Session Type: Abstract Submissions (ACR)
Background/Purpose: Cardiovascular disease (CVD) is a major cause of morbidity and mortality in rheumatoid arthritis (RA) and systemic lupus erythematosus (SLE). Guidelines for the management of both SLE and RA recommend evaluation of and intervention for known cardiovascular risk factors, including dysplipidemia. However, studies suggest that screening rates remain suboptimal. Quality improvement methodology offers a practical approach to bridge this gap in care. The fellowship training setting is an ideal environment in which to pilot such a project, as the American College of Graduate Medical Education requires that fellows demonstrate the ability to continuously improve patient care. Our aim was to improve the rate of recording lipid panel results in patients with SLE or RA to over 50% in a one month period.
Methods: In our busy outpatient rheumatology clinic in a county hospital setting, we examined patient, provider, and health system factors that could be barriers to providing routine cardiovascular risk assessment for our patients. For our first Plan-Do-Act-Check (PDCA) cycle, we examined the frequency with which physicians recorded lipid panel results in clinic notes during routine visits. We obtained baseline data for all RA or SLE patient visits for each of our six clinical fellows one month period. Our hospital district utilizes the EPIC electronic medical record (EMR); thus we devised a simple “dotphrase” to assist providers in ascertaining the date and results of a patient’s most recent lipid panel with just a few keystrokes. We then organized an educational session for our providers to inform them about the initiative, the collective baseline data and applying the “dotphrase”. Each clinical fellow also received an individual summary of their baseline screening rates.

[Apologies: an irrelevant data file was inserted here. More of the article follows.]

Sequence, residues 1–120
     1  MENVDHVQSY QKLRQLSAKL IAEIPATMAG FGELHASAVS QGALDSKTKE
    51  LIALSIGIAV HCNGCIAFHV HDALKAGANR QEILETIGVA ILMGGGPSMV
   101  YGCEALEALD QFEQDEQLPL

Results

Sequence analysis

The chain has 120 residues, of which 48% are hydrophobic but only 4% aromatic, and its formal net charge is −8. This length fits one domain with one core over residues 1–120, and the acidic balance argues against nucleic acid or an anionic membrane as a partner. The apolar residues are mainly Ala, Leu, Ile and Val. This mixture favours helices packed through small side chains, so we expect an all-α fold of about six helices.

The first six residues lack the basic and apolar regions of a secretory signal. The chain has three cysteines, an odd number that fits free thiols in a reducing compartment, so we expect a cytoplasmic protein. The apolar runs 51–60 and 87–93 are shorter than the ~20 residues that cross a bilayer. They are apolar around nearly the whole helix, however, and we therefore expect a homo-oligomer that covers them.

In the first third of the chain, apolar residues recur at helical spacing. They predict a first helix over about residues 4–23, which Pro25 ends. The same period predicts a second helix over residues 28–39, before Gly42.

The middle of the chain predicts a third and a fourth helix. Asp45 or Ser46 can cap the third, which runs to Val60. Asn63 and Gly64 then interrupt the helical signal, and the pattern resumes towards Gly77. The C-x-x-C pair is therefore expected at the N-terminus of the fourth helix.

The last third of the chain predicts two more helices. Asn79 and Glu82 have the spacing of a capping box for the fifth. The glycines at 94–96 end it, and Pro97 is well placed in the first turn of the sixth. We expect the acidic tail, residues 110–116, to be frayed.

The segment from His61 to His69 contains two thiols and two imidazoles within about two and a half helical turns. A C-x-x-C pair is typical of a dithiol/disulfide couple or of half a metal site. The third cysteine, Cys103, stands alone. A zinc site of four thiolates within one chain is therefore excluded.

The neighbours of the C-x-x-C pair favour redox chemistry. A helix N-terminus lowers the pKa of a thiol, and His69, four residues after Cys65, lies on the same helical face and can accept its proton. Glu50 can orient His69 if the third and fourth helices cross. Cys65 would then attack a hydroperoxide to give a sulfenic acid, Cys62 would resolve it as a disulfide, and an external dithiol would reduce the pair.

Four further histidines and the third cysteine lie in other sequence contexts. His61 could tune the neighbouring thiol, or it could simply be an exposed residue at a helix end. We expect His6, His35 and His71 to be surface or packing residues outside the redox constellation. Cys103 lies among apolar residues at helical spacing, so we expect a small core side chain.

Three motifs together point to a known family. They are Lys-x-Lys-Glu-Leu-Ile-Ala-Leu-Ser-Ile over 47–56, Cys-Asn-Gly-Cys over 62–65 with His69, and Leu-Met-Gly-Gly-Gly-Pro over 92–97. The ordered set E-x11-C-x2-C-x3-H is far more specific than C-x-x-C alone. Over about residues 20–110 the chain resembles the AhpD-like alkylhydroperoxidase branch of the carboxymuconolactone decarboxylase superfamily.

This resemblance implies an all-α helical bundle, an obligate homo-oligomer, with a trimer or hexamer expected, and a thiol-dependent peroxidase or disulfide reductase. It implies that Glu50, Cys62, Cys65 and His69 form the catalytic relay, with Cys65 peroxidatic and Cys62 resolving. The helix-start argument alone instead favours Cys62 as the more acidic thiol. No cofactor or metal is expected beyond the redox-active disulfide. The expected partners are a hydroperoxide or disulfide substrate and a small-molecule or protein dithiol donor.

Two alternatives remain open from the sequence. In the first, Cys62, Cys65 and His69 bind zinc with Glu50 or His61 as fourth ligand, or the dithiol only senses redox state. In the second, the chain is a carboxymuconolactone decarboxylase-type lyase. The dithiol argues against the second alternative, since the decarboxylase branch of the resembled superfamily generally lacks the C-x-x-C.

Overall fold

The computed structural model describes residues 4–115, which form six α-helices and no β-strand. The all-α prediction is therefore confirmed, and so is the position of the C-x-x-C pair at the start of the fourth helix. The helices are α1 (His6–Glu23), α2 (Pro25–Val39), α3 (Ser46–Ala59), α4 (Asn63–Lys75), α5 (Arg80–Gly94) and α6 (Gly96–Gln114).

Results: We reviewed 91 patient visits during the pre-intervention period (69% RA, 31% SLE). Patients were 46.7 years old (SD 14.7) and 83% female. Forty-two percent of patients had a lipid panel sent within the past year. Lipid panels were ordered by primary care physicians (63%), rheumatologists (15%), and other physicians (22%). Twenty percent of patients were on statin therapy. Our providers documented lipid panel results, however, in only 12% of the visits. Following the implementation of the EMR “dotphrase”, we reviewed an additional 92 patient visits over a one month period. Baseline characteristics were similar to our pre-intervention group. Our providers augmented their lipid panel recording to a rate of 65% after the intervention.
Conclusion: In our hospital district setting with an integrated EMR, the use of a simple “dotphrase” was effective in improving provider documentation of lipid panel results in patients with RA and SLE. Future PDCA cycles will focus on increasing rates of obtaining screening lipid panels and intervening in patients with documented dyslipidemia.
A. L. Leyva,
L. L. Tarter,
E. B. Solow,
D. R. Karp,
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ACR Meeting Abstracts - https://acrabstracts.org/abstract/using-the-electronic-medical-record-to-increase-rates-of-physician-assessment-of-lipids-in-patients-with-systemic-lupus-erythematosus-and-rheumatoid-arthritis-a-quality-improvement-initiative/